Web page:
Making the lives of the Turkish Cypriots difficult and preventing them from becoming a part of the international community is in the genes of the Greek Cypriot state, Foreign Minister Kudret Ozersay has said.
Commenting on a letter reportedly sent by the Greek Cypriot Ministry of Foreign Affairs to foreign Embassies in Cyprus, asking them not to visit historic monuments in the “occupied area” of the island because they are used illegally, Ozersay pointed out that the current situation is a result of the behaviour towards and the tolerance of the international community of the Greek Cypriots.
“The tolerance exhibited by the international community towards the Greek Cypriot side has come to the point of harming the international community itself”, he said. The international community “has come face to face with a situation which does not allow them to hold an activity at a monument that is part of the [global] cultural heritage, the restoration of which they have financed”, Ozersay noted.
Saying that the Turkish Cypriots always come face to face with this mentality, Ozersay recalled that the bi-communal committee for cultural heritage has restored many monuments both in the north and south of Cyprus and described what he called the approach of “we can restore them together but you cannot use them”, as “an indication of an unacceptable attitude and a worrying situation”.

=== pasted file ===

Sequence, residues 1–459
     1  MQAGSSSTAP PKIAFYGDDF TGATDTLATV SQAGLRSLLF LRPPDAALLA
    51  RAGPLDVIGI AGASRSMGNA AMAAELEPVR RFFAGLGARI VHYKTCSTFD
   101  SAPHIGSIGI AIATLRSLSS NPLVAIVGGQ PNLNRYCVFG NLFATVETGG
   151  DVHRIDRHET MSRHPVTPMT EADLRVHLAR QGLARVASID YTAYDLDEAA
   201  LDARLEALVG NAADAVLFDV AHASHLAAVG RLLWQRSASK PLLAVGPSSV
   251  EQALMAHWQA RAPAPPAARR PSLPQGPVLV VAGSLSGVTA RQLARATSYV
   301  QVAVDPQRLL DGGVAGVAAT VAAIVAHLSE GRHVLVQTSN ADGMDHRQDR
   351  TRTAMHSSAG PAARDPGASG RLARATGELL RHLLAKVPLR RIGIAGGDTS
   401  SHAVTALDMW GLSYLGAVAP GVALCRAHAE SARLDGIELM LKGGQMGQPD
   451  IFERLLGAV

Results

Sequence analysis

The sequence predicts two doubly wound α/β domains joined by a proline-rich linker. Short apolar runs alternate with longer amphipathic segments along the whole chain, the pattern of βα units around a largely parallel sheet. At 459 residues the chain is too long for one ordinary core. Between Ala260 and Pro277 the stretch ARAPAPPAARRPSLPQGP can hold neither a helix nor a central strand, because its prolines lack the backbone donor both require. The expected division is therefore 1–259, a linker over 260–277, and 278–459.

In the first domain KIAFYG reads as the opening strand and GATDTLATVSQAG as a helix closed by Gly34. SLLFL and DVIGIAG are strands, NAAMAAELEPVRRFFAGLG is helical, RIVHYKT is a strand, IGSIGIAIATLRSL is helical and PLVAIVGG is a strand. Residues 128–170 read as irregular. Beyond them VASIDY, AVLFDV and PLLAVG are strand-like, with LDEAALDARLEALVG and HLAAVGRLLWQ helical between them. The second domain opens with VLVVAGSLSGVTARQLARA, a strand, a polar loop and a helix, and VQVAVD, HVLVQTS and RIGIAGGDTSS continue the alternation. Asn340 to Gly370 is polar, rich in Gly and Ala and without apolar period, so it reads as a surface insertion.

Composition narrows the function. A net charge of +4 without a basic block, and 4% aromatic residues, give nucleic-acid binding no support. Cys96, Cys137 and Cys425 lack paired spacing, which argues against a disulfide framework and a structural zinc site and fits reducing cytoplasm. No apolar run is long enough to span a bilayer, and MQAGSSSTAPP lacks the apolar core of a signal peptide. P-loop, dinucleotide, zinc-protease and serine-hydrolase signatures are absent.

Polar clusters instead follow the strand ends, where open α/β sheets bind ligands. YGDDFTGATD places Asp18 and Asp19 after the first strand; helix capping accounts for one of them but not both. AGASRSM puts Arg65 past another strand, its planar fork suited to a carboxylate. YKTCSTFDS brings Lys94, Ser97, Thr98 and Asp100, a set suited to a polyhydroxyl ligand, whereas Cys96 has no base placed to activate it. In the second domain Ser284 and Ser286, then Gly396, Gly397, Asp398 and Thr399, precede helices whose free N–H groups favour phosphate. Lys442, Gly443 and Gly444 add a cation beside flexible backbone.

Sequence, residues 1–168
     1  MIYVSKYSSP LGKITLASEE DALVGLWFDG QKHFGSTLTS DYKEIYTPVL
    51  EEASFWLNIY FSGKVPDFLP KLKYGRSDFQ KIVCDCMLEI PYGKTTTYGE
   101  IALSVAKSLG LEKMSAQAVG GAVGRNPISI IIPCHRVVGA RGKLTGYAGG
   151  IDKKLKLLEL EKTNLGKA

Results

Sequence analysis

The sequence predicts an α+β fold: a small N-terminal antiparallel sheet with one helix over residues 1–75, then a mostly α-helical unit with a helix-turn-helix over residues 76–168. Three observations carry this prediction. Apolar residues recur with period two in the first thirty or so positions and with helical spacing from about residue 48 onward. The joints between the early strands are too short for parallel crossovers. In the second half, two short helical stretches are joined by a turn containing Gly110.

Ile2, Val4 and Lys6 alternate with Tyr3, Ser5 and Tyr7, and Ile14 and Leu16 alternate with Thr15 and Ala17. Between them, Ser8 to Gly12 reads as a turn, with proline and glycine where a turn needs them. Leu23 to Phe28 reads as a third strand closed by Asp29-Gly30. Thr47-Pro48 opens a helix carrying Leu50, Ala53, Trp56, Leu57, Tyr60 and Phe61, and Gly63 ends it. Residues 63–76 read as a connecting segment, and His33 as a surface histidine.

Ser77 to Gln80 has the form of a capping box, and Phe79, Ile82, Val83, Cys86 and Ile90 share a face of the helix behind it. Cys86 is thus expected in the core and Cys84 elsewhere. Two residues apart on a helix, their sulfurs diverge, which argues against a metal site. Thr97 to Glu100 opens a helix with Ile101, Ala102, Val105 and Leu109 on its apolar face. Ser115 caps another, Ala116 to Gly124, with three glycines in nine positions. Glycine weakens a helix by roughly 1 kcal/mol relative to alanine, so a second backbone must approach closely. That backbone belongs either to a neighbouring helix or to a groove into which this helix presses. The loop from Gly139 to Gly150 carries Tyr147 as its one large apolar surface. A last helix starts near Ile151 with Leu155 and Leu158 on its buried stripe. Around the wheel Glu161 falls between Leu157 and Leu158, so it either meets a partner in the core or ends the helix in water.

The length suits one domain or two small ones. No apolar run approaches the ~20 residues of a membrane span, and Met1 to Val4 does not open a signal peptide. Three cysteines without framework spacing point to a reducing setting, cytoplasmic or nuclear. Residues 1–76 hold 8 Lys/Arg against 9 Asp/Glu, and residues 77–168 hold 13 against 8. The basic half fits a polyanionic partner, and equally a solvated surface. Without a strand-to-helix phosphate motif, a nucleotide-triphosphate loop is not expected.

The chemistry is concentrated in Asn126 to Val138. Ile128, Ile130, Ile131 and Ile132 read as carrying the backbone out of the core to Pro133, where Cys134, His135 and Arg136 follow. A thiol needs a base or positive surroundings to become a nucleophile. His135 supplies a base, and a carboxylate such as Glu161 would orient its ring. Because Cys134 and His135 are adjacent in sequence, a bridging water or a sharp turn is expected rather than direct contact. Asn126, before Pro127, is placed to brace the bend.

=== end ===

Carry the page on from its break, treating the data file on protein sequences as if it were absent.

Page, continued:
The foreign minister said a more sincere effort is needed not only for finding a comprehensive solution [to the Cyprus problem], but also for the development of relations and cooperation between the two communities. He said that the Greek Cypriot side adopts the unitary state as the norm and that this is an element which makes the sharing of administration in Cyprus more difficult.
Referring to the international community, Ozersay argued that it should remind the Greek Cypriot side that the situation is not normal. He noted that if the international community continues to allow the normalisation of the situation, the Greek Cypriot side’s habit will become ever more entrenched and it will be more difficult to change “an element which became embedded into the genes of the institutions on the Greek Cypriot side. For this reason, the way out is not to accuse the Greek Cypriot side; but the international community should change its stance and attitudes”, he concluded.